I began shooting on film with an old Canon TL camera on my most recent trip to Washington. Since that trip, I've made an effort to use it as often as possible. This newfound passion to shoot has come from many factors, one being the art of film itself. To get the correct framing, exposure and moment in time demands intense patience, but yields a unique reward. There had been something missing from my work that I didn't know existed in the first place, and that was focus. Focusing on my surroundings, my subject and the settings of my camera.
Digital technology has also proven its worth (I could go on about praising the new iPhone 7+ camera) but the simplicity it has brought to consumers, has veiled the very reason we take photos in the first place; to capture valuable moments in time. Of course value is relevant, but the weight of a moment increases dramatically when it costs money for a small roll of memories.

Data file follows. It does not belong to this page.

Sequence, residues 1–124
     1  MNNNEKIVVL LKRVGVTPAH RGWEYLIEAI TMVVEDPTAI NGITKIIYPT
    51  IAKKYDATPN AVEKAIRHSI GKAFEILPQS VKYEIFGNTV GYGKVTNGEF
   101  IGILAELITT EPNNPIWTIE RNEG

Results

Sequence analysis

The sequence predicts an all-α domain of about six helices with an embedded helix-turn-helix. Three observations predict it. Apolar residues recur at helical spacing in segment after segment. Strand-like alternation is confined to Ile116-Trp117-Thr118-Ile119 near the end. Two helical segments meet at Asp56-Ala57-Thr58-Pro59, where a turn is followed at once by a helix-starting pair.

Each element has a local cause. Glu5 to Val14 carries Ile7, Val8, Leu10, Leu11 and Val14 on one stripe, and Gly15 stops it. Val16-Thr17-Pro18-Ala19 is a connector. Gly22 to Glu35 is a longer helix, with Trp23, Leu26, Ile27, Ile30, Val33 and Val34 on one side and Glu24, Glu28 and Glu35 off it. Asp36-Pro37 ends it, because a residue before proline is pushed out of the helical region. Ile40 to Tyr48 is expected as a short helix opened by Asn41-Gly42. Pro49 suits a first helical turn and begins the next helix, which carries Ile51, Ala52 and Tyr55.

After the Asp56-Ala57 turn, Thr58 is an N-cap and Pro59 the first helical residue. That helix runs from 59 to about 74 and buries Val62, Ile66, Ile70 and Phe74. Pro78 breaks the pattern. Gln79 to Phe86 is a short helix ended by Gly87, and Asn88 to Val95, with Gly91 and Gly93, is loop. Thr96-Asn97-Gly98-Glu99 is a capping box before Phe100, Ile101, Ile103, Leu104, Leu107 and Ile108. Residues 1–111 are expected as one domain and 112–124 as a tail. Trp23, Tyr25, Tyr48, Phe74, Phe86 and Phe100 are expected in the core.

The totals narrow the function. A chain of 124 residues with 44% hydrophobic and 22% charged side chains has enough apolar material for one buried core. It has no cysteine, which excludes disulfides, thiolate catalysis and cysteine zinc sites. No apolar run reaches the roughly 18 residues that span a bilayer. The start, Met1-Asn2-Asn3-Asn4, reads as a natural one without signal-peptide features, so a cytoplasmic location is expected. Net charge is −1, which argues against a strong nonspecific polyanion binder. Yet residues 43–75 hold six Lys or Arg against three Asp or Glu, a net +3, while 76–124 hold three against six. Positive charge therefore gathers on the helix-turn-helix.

If there's one takeaway from the usage of film, it's not that the quality is incredible or the reward of shooting with it is exemplified by its tangibility. Instead, it reminds you with every click of the shutter why you picked up a camera in the first place. That in itself is unique to every photographer, but the one constant that connects us all lies at the root of film; to share a moment of our lives with others, so that they may see what we saw in the raw beauty of that memory.
Below are some images that were captured on my first roll of film. (Kodak 400)